Roslin has been a tourist destination for centuries now with attractions like the Glen, Castle and Chapel to visit, but how did all the visitors get here in the older days? asks Winnie Stephenson, Roslin Heritage Society.
From the 1850s, they could travel by train, but many preferred to travel from Edinburgh by horse-drawn vehicles of different kinds.
We are very fortunate in Roslin to have the Bryce Collection of photographs, held at Local Studies in Loanhead.
Taken by Tom Ritchie in the first few years of the 20th Century and donated by the Bryce family, they not only record many local historic buildings and beauty spots but also give an insight into other aspects of life at the time. Many were made into postcards and sold in the post office to the visitors. Such was the efficiency of the postal service that many would be posted and delivered on the same day.
One such postcard showed the Main Street. The double-decker bus parked outside the Royal Hotel offered some protection from the elements on the lower deck but was open on the upper, reached by an external stair with a hand rail.
With its hard wooden benches, it seated 12 passengers inside and 14 outside but it could not have been a very comfortable journey. It must have been a hard pull even for three horses abreast given the poor road surfaces, especially in the heat of summer.
The open charabanc waiting outside the Original Hotel carried 24 passengers, pulled by four horses, fare one shilling, with a light canopy giving some shade from the sun. Wooden steps at the back led to a central aisle with seats on either side.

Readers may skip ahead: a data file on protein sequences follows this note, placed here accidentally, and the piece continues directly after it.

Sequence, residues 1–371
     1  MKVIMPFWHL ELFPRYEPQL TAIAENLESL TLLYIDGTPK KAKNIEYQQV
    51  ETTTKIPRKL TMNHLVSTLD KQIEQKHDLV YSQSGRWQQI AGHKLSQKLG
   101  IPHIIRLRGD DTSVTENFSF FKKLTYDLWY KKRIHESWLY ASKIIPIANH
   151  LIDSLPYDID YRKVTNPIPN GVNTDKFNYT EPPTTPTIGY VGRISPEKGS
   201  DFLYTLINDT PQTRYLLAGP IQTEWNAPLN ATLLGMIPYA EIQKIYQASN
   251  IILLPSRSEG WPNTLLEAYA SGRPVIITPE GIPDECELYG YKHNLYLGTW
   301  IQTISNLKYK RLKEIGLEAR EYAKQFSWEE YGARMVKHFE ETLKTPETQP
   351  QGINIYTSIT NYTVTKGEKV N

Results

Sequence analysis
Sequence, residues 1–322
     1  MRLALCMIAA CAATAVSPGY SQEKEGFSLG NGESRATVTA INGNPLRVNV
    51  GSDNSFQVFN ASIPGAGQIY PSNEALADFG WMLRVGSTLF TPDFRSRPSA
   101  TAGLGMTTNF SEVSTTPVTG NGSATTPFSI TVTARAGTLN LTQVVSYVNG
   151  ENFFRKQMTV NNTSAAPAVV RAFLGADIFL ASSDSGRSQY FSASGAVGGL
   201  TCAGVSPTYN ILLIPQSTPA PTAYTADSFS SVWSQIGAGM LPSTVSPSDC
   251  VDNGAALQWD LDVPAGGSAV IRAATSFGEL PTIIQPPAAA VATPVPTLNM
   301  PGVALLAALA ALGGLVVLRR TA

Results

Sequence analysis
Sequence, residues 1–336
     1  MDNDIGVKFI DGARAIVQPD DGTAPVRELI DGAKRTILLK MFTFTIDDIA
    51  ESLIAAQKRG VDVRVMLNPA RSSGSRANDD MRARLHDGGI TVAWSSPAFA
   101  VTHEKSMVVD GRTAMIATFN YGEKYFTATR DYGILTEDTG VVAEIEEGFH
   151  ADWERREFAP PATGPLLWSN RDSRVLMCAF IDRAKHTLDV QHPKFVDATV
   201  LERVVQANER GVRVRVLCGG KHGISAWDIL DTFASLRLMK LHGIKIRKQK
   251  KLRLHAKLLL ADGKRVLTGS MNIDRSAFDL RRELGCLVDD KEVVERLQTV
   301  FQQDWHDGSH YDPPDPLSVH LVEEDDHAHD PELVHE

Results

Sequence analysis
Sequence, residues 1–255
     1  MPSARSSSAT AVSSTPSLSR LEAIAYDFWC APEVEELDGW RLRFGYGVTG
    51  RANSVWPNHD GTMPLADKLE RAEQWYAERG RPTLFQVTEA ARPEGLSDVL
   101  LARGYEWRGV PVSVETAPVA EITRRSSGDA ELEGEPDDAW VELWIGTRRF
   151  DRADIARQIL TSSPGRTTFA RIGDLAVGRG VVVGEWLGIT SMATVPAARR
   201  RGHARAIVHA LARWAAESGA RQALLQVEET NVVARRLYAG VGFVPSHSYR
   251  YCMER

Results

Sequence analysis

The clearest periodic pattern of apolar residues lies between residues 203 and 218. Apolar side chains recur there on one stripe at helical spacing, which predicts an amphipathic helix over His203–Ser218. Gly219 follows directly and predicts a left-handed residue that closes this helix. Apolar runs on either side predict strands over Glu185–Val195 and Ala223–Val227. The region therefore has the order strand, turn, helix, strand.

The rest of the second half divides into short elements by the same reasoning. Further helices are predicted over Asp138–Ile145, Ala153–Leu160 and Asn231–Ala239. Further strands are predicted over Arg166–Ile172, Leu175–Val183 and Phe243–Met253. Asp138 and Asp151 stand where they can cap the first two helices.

A similar charabanc called The Trinity, seen entering Roslin, had no central aisle but seated five passengers in a row, with one in this case hanging on the rear. There doesn’t seem to be much to stop the travellers falling off the seats at the outside.
The ladder hanging on the back puzzled me for a long time until I saw the photo of the passengers boarding the Roslin bus outside the Waverley Market in Edinburgh. This must have been a hazardous and not very elegant way to take their seats, especially on a windy day…!! And how did the men and women manage to keep their hats on as they bowled along?
In the 19th century, it is reported that more than 600 horses trotted around the city of Edinburgh. A very green way to travel you might think compared to our modern transport, until you consider, how did they cope with, well the “emissions” of all these animals? Yes, there were rose gardens in Princes Street, but the manure had to be composted before use.
A lot of it was used in the disused Scotland Street Rail Tunnel for growing mushrooms and wagon loads were taken by rail to a special siding at Longniddry – East Lothian being the market garden of Edinburgh at the time.
Many horses fell and died in their shafts and also had to be disposed of. Certainly a different aroma to the fumes many complain about today and the road sweepers had more than just litter to pick up.
Both the Royal and Original Hotels advertised “stabling for horses” and the three gentlemen leaving for a round of golf in their dogcart must have made use of this facility. Dogcarts were so called because of the space under the rear seat where the dogs travelled for shooting expeditions but such is the clarity of this photograph, you can see the golf bag and even the studs on the brogues of the man facing the rear, so they were not going hunting.
Picnics and special trips had a more leisurely pace than today, a farm cart providing the transport. Often a man with a fiddle or, in this case, bagpipes would entertain the travellers along the way and provide music for dancing at the destination. Habbie’s Howe was a popular picnic spot with a pure white cloth laid on the grass for a table, the blue sky for the roof and the everlasting hills for the walls of the dining hall. After dinner, the shadows of the hills would show that the sun was getting low and it was time to depart.